Kerry and Edwards?

KERRY AND EDWARDS?….Is it true that sitting senators don’t often win presidential elections? Yes it is, but it’s just a meaningless factoid.

I agree. But since I like meaningless factoids, let’s turn our attention to the second spot on the ticket and ask the question that’s on everyone’s mind: will John Kerry pick John Edwards to be his vice president? What do the factoids tell us?

Just this: presidential candidates don’t usually pick primary opponents to be their running mate. It’s only happened three times since World War II and only once in the past 40 years. Here’s the complete rundown, excluding incumbents:

Year

Candidate

Running Mate

Ran for President?

1948

R: Thomas Dewey

Earl Warren

No

1952

R: Dwight Eisenhower
D: Adlai Stevenson

Richard Nixon
John Sparkman

No
No

1956

D: Adlai Stevenson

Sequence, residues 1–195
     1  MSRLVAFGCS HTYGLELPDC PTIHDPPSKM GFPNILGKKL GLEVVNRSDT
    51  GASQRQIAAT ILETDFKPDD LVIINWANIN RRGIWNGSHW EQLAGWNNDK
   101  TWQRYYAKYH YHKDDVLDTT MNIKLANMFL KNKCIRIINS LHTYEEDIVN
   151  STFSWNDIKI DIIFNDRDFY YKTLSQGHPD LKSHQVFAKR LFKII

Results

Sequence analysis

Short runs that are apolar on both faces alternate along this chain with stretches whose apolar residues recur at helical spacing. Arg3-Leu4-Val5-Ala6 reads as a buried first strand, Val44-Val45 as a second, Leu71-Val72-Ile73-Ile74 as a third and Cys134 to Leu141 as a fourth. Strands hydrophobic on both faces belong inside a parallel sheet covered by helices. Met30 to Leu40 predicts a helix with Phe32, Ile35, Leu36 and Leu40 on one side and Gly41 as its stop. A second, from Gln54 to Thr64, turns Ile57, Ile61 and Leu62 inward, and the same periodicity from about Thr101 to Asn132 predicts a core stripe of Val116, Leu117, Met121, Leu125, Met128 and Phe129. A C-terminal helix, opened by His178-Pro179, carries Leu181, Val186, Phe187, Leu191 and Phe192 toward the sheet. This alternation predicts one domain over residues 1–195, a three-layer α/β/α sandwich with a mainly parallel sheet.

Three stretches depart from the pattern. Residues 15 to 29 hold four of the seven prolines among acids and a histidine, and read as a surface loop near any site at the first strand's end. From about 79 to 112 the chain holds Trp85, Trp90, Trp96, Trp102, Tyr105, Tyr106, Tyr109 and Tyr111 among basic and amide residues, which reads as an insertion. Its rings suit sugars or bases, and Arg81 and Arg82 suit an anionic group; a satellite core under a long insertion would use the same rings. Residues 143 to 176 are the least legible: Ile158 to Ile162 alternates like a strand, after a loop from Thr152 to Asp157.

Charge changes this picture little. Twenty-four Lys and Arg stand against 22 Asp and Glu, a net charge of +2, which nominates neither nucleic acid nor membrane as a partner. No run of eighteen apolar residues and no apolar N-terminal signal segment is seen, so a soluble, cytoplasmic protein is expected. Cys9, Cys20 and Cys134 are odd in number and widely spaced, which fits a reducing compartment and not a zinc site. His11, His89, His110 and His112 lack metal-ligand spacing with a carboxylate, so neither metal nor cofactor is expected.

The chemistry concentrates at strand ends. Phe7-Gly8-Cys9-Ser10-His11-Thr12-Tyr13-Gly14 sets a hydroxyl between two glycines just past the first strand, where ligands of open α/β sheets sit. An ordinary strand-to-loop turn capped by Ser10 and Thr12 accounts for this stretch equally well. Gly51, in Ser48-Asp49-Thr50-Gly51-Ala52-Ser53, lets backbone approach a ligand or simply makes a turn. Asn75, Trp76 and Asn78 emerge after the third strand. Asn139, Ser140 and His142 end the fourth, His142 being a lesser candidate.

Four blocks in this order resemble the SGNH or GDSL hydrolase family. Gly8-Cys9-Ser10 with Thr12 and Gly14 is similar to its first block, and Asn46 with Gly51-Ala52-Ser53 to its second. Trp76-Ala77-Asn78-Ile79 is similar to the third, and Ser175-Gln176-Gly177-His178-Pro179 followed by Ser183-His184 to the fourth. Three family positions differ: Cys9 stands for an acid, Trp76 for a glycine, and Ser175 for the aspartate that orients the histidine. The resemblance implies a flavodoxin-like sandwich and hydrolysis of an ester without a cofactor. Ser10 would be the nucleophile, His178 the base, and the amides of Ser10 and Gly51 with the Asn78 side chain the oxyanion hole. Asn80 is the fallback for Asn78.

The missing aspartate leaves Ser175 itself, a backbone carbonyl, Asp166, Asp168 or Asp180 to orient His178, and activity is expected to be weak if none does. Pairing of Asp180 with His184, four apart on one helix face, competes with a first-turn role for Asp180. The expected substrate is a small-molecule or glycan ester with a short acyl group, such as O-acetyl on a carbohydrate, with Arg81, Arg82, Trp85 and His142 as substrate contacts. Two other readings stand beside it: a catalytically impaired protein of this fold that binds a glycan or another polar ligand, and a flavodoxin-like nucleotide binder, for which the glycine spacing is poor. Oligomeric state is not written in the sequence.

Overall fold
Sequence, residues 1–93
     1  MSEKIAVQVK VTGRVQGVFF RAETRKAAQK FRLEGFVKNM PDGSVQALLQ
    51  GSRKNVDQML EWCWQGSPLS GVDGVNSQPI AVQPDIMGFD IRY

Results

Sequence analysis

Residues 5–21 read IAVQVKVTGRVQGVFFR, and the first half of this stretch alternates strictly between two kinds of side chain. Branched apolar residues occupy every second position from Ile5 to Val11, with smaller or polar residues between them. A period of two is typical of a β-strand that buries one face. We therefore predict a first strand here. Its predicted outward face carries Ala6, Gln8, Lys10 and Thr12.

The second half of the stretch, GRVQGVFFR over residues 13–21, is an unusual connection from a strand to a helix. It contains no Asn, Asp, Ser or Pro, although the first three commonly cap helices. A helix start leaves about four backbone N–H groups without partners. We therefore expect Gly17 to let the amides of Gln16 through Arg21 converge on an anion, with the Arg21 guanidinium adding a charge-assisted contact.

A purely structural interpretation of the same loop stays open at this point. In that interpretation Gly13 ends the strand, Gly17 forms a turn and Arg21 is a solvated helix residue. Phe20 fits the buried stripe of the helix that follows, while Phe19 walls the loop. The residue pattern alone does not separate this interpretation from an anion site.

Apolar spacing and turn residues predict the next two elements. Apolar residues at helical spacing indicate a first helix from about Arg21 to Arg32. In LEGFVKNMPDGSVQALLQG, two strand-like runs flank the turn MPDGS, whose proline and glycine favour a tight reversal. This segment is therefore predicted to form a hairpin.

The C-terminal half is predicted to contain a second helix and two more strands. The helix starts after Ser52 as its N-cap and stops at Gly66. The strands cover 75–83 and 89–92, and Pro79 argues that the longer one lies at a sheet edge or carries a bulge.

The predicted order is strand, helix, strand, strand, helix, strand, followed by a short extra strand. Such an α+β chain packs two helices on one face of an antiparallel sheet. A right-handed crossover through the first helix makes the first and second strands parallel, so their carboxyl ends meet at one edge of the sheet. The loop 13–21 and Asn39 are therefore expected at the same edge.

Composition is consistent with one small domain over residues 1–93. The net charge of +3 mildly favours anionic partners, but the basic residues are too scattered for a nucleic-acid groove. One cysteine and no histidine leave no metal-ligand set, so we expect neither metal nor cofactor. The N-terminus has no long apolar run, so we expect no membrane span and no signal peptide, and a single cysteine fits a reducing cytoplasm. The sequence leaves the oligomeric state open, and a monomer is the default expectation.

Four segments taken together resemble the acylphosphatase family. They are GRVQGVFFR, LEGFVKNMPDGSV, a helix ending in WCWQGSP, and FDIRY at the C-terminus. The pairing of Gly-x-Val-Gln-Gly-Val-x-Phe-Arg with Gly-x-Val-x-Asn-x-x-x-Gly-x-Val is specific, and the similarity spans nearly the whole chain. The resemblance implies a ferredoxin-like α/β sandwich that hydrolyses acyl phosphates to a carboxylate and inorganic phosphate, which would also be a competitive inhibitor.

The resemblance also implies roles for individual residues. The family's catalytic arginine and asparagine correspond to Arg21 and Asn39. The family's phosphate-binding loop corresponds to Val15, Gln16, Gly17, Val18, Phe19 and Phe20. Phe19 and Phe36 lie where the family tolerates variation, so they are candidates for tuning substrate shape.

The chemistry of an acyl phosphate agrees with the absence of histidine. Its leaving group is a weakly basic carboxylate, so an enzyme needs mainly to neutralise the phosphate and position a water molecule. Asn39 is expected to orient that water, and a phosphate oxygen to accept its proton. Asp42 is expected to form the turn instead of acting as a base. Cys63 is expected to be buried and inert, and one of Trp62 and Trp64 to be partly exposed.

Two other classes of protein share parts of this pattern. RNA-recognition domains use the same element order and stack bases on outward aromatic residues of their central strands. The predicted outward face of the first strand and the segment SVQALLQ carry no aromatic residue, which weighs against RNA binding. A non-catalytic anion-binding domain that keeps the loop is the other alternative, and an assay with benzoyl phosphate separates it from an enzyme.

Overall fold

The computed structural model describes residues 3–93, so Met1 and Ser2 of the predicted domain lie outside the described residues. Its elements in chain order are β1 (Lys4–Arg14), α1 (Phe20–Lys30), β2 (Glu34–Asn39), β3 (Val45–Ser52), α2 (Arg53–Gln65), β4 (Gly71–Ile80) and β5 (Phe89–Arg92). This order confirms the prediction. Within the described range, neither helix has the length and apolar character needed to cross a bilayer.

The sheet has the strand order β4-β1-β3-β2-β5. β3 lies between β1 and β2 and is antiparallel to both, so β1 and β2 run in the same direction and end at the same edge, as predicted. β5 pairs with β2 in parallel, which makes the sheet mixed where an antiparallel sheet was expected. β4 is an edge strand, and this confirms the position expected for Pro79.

Estes Kefauver

Yes

1960

R: Richard Nixon
D: John F. Kennedy

Henry Cabot Lodge
Lyndon Johnson

No
Yes

1964

R: Barry Goldwater

William Miller

No

1968

R: Richard Nixon
D: Hubert Humphrey

Spiro Agnew
Edmund Muskie

No
No

1972

D: George McGovern

Tom Eagleton

No

1976

D: Jimmy Carter

Walter Mondale

No

1980

R: Ronald Reagan

George Bush

Yes

1984

D: Walter Mondale

Geraldine Ferraro

No

1988

R: George Bush
D: Michael Dukakis

Dan Quayle
Lloyd Bentsen

No
No

1992

D: Bill Clinton

Al Gore

No

1996

R: Bob Dole

Jack Kemp

No

2000

R: George W. Bush
D: Al Gore

Dick Cheney
Joe Lieberman

No
No

This is a funny result, isn’t it? It may seem like primary opponents are the obvious choices for running mate, but for some reason the winners seldom agree. Or it could be the other way around: maybe the kind of people who run for president aren’t very excited about settling for second place.

Naturally, this doesn’t mean that Kerry won’t pick Edwards. Still, it might be wise to start looking at the pool of candidates outside this year’s crop of primary wannabes.

Coming next: when was the last time a nominee chose a running mate with the same first name?